We camped weekends in Heidelberg with our friends, swam in the Neckar River and played all over the castle and in the old streets. The adults, German and English, played bridge and drank Steinhager and laughed a lot. It was wonderful part of my childhood and I remember all of it.

It broke my heart to come home again. I loved Europe and to some extent it is still the home of my heart.  My brother and I never quite fit in again. We spoke two languages; we had been to the great museums and seen and done amazing things. We were alien beings in our own country. We spent that first year home in Colorado with my mom forcing my dad to retire and return to California.  He caved in and did what she wanted as usual, and we came home to a small farm town where we really did not fit in, ever. Perris, California. 

My brother and I were miserable in a whole new way. He was now a double geek, high culture and thick glasses. He never had a chance. My mom slid into angry craziness probably fueled by frustration with my dad. She always wanted a race horse but she married a cart horse and that’s all he ever has been or will be. The best cart horse in the world, but it was never enough for her aspirations.

Lost boy, my brother somewhere in Germany, in better days

During those years the spankings became beatings accompanied by verbal abuse that broke my brother and put some serious cracks in me.  My dad was a shadow on the moon, my mother was always between us and I never had a chance to know him until it was almost too late. I was the lucky one. I escaped the craziness. My trajectory was up and out from the day I got out of high school.  Yes, I have lived my own form of craziness but it’s always been fueled by joy and hope and possibility.  

My brother never got away. My mother bound him to her with guilt and money. My grandmother treasured him and my dad and spent every penny she had on the two of them to spite my hated mother. They had to borrow money to bury her when she died because she had given it all to “her boys”.  My parents bought my brother a car, paid the insurance, bought him everything he ever wanted and extracted a high price in guilt and pain and anger.

 Their relationship was and is toxic, like two pit bulls fighting in a bag. They are compelled to bite and tear at each other. Neither has ever figured out how to accept responsibility for their actions, it’s always someone else’s fault.  My little blonde haired blue-eyed gawky brother turned to drugs in his twenties.  He put a successful landscaping business up his nose, destroyed two marriages and lost his children to ex-wives who were fed up. He still talked big and told stupid annoying jokes and slid downhill into petty theft, meth and crack.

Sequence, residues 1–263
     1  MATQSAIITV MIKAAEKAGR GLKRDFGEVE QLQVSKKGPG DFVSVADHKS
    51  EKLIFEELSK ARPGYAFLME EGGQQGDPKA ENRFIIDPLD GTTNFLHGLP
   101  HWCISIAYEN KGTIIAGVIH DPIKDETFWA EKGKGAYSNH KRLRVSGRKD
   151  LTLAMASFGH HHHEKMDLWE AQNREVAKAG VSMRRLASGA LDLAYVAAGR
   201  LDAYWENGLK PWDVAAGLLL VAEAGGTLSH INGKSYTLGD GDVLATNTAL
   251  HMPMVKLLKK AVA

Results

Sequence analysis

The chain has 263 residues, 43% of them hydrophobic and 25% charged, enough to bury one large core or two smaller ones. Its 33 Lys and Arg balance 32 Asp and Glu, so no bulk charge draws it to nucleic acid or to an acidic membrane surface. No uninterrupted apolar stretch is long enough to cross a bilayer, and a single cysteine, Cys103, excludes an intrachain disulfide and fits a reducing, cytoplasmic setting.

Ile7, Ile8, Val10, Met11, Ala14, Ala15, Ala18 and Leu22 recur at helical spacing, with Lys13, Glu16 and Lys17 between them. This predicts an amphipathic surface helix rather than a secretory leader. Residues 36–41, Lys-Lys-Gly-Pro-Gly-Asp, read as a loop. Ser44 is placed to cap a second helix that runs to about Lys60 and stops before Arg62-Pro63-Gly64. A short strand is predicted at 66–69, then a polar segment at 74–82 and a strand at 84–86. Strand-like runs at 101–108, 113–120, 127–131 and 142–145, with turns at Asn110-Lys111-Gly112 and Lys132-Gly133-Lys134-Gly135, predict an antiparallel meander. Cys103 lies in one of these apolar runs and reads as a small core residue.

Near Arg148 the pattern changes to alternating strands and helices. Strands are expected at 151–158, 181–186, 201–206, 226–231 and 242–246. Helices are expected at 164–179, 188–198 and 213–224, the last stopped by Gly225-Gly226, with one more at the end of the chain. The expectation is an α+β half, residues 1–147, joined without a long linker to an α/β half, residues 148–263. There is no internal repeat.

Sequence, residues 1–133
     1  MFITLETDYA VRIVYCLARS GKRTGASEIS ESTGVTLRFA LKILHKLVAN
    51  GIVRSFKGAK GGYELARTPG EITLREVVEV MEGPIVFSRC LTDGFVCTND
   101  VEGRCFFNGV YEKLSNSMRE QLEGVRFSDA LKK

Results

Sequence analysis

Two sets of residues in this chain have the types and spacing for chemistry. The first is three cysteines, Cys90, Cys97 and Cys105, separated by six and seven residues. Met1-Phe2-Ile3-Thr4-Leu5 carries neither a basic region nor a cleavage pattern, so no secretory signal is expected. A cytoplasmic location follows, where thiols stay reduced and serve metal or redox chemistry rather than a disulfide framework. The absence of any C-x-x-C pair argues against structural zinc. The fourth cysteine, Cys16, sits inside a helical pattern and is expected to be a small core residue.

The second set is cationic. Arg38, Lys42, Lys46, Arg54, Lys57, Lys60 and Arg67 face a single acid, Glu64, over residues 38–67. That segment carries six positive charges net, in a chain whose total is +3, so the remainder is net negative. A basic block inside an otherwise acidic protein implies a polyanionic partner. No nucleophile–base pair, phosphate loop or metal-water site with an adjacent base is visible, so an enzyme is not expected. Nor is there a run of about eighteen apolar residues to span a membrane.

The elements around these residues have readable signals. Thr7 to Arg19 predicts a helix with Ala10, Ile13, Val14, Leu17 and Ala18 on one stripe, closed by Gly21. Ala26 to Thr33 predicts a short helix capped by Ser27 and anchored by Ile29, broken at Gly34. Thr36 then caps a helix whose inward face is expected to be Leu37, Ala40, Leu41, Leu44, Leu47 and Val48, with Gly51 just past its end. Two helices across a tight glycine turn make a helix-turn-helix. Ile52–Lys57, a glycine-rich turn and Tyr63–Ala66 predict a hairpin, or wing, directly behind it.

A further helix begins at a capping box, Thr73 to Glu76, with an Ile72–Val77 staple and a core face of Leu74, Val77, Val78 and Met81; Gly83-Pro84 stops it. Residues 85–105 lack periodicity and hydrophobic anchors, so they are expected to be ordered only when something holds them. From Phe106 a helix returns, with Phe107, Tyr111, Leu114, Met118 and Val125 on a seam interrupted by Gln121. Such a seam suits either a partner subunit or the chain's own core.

My mother is the most profoundly selfish person I have ever known. She is the center of her universe and if she gives you anything there is a high price to pay in both money and expectation.  Mother kept him living in his house that she purchased according to her, in complete denial of what was happening to him.  She took everything he got in return.  I think somewhere along the line he gave up on ever getting out and focused on hating her, stuck in the web and too damaged to get out.

He is back living in her house, in a single room in the garage with his alcoholic girlfriend and their dogs and cats. He stopped doing drugs a few years back, but he couldn’t get a driver’s license or a job. Too many years of unpaid child support and failure have cost him everything.  I choose not to see him or speak to him, too many bad choices lie between us, but I am grateful to have his daughter in my life.

It’s like a do-over  because in Heather I can still see that bright boy, the one who was almost my twin, the funny curious kid I explored the world with.  Hed is an incredibly talented writer who is battling her own set of demons. She suffers from bipolar disorder and every day is a fight for her.  She has a husband in Australia who doesn’t want to live in America. Like me, she has food issues and  I wonder if that’s genetic too? I just love good food and good food loves me. It loves my whole body to the tune of about 80 pounds I need to lose.